Degree Type

Dissertation

Date of Award

2017

Degree Name

Doctor of Philosophy

Department

Agronomy

Major

Molecular, Cellular and Developmental Biology

First Advisor

Paul Scott

Second Advisor

Phil Becraft

Abstract

Consumer demand for organic maize grain has steadily increased in the past decade which has resulted in an increased interest for this market class by plant breeders and geneticist. Each chapter in this dissertation investigates areas of concern to the organic community and possible solutions for improvement. Chapter 2 seeks to understand which combinations of genetic mechanisms are capable of a further increase in the methionine concentration of maize grain over individual mechanisms. Based on the genetic mechanisms evaluated, it was concluded that crosses combining dzr1 and recurrent selection in hybrid combination can elevate methionine concentration and overall grain nutritional quality. Chapter 3 evaluates a series of maize testcrosses with various environmental adaptations for their productivity in diverse geographical locations. All inbred lines used in this study were adapted to organic growing conditions and several testcrosses were found to have high yield performance and stability when two inbreds adapted to diverse growing conditions were crossed. Lastly, chapter 4 includes a proteomic analysis of Gametophyte factor1-strong to further understand this system for its potential use to maintain genetic purity in organic maize. Several proteins with unique expression to Gametophyte factor1-strong-containing pollen and pistil tissue were found and require additional studies to determine their involvement with this system.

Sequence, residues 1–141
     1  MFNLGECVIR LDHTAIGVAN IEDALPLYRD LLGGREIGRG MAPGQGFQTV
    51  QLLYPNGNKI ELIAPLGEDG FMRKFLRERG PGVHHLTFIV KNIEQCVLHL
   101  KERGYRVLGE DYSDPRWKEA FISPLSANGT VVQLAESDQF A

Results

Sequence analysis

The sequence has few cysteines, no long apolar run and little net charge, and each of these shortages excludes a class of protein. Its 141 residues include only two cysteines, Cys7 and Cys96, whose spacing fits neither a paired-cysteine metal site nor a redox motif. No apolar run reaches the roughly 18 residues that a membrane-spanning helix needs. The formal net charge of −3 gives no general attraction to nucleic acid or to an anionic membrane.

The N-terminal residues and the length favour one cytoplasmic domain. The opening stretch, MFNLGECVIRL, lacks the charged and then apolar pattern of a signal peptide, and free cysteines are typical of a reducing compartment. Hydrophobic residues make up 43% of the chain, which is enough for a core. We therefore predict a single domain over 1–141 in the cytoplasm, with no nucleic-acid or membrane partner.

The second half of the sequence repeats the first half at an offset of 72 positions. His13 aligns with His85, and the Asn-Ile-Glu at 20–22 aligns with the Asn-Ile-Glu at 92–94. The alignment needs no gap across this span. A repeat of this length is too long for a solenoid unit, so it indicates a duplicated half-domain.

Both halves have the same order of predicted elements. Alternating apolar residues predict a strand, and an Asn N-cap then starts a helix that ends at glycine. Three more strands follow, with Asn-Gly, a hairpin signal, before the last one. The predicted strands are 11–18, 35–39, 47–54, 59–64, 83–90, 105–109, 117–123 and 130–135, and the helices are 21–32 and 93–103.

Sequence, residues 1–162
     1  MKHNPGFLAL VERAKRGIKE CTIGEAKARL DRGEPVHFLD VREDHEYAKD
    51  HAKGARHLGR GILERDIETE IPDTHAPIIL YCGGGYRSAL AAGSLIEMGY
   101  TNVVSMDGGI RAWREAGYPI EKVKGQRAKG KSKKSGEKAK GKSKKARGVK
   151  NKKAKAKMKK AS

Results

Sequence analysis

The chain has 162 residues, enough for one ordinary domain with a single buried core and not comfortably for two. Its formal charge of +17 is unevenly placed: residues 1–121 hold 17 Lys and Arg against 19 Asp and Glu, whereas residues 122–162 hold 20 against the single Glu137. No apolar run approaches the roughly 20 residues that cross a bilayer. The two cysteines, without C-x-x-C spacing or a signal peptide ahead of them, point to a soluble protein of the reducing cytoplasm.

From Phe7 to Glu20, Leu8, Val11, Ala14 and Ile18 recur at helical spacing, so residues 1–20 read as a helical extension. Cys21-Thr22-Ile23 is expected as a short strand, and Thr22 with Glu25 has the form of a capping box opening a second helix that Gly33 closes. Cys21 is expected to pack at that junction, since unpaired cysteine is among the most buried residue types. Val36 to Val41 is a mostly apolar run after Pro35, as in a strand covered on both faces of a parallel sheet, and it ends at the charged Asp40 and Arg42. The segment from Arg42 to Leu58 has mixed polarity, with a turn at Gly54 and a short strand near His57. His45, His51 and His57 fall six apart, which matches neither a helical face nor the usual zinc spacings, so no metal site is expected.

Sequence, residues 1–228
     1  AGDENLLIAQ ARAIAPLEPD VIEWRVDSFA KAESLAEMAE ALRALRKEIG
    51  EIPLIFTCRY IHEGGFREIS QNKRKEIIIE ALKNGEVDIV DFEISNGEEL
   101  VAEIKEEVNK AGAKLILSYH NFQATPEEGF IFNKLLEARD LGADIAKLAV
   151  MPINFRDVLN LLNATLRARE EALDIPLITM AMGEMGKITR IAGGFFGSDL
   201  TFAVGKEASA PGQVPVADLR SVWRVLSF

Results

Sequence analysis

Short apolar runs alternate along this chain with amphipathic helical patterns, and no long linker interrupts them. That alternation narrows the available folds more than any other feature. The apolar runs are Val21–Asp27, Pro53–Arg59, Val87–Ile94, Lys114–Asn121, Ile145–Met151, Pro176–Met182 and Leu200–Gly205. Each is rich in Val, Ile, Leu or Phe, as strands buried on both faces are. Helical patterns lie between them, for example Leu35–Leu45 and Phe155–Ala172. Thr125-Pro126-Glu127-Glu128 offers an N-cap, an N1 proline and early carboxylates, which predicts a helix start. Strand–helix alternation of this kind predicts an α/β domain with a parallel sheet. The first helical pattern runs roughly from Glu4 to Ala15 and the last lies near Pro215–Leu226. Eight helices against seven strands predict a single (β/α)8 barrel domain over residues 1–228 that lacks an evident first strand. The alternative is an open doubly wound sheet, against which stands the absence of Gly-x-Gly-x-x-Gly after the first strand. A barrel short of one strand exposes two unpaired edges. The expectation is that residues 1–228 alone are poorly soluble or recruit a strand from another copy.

Copyright Owner

Ryan Huffman

Language

en

File Format

application/pdf

File Size

179 pages

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